This stitchery exercise is from a small detail of lichen on wall 1 where I endeavoured to show the way the colours blended into each other. Every stitch was made using two threads in the needle to achieve a subtle blend of colour, but I feel the thinner threads did not work as well, or maybe I should have used the smaller holed canvas.
I found the paper weaving worked well to develop an impression of wall 2 and the way the stones interacted with each other.
I then worked on my first resoved sample. I wanted to develop my previous experiment, this time laying the lutradur onto canvas so that when I melted it away areas of the canvas would be exposed ready for hand stitching. I used maching stitching on the top layer of lutradur, trying to echo all the little spots of colour on the old stones.
My second resolved sample is baed on a close-up of the lichen on wall one:
For this I used a piece of black felt on which is layed a piece of bondaweb painted blue to soften the black. I used the embelishing machine to felt down pieces of scrim and wool fibre to give both colour and texture. Iused machine stitching for the dark edging in the lichen, finishing with hand stitching.
I am happy with this interpretation of the wall, especially as this is one of the ways in which I like to work.
The first observation of wall 1 is taken from the different coloured textures as this is one large block of stone, but I thought the differences showed up as shapes in their own right. I used some paper I had made ages ago which I thought nicely reflected the textures.
This is the second wall where each shape is a seperate stone. This is using black cartridge paper.
This is my first attempt at stitching on canvas. It is quite a large hole canvas which I happened to have – subsequent pieces are on 10 holes to the inch. All the threads worked well enough except for the strip of cotton fabric which kept breaking. Thin threads obviously give a more open structure and show the canvas squares underneath, while thicker ones give a more blocky effect. Below is my second attempt and an attempt to think how I might translate the rubbing into stitch. The fairly thick greyish wool I used first for the heavier marks doesn’t work at all and looks too messy. The most successful piece is the one bttom left. I realise it is really difficult to cover every hole of the canvas and feel quite daunted by it.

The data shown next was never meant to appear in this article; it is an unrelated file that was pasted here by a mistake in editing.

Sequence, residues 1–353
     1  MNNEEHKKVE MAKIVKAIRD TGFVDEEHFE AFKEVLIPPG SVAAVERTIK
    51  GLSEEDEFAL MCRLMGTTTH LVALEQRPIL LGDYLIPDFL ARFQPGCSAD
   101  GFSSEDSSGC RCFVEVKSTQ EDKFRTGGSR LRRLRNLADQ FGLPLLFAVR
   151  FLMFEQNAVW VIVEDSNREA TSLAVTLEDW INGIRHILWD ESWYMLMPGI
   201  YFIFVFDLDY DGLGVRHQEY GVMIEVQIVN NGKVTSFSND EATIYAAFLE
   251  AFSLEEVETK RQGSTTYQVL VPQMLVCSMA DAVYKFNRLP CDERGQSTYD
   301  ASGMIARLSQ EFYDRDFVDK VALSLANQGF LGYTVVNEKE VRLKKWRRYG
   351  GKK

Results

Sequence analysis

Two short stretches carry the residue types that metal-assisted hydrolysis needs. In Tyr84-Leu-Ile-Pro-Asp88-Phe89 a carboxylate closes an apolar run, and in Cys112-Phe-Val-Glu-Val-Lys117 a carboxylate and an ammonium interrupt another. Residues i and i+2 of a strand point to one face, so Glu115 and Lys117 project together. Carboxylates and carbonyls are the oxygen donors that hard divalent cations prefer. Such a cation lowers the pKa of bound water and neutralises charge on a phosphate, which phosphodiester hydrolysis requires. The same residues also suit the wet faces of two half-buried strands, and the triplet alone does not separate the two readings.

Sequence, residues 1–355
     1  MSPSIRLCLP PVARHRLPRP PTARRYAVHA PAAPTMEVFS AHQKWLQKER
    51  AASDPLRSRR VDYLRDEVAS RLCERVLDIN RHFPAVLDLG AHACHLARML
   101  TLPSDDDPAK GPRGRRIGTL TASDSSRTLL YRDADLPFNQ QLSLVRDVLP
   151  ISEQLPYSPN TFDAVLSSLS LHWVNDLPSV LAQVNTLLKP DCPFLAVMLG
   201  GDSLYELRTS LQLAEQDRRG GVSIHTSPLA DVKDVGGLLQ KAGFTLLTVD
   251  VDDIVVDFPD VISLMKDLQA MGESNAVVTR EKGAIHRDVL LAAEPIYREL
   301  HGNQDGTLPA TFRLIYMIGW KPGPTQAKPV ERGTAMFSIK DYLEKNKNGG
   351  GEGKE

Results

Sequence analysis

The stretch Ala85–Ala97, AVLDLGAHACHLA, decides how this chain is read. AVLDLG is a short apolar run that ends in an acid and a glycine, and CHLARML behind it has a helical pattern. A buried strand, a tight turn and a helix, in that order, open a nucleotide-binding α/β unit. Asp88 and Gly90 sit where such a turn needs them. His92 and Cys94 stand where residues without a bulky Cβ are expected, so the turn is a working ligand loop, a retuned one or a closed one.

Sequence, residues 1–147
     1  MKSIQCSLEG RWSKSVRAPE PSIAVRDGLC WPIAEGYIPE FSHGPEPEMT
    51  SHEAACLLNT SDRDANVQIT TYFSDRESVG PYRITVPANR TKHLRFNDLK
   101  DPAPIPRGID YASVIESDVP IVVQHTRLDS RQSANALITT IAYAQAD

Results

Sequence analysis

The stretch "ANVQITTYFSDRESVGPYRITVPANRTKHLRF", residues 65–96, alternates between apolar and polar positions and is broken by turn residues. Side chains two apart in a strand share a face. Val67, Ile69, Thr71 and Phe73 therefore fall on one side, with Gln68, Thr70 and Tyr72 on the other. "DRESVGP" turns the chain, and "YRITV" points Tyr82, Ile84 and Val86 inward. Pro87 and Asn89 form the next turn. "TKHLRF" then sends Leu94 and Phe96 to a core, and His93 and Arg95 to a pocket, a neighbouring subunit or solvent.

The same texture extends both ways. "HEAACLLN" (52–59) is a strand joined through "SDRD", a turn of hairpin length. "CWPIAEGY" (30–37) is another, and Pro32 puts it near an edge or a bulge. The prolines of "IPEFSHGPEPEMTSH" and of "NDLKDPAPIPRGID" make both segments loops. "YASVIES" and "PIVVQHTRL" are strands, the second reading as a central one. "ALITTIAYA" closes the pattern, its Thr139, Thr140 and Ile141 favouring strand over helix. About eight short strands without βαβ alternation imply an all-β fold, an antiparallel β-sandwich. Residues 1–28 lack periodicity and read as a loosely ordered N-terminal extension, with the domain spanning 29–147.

The rubbing below is a closeup of the piece I want to use. It looks complex and I realised I couldn’t just go straight into trying to stitch the whole piece. I needed a plan of action so to speak and I thought a tracing would give a more linear idea of how I could work the stitches.
Then I thought I would do something totally different and more abstract as a change and to see how it turned out. The base is vilene painted ochre/orange, covered with lutradur painted grey with patches of painted bondaweb and both machine and hand stitches, with the edges then melted. I am not totally satisfies with it, particularly the machine stitching, so I’m sure I will have another attempt.
We spent a week in a gite in the Charente area of France. This was part of an old farm complex where there was an abundance of beautiful old walls.
I loved the variation of colours in this piece of stone work – weather worn with different growths of lichens and mosses.
This close up shows the area I thought the most interesting.
In this first sketch I was perhaps trying for too much detail, whereas in the second one below I was attempting to reproduce just the shapes and colours. I actually did the first sketch for each wall first before going back for a second attempt on both.
This rubbing with a black wax crayon is of the close-up section.
I was then attracted to the wall on the other side of the door. This was equally weathered but much more subtle in colour and I think will be the piece I work on.
Now back home, I’m looking forward to working on the next part of the project.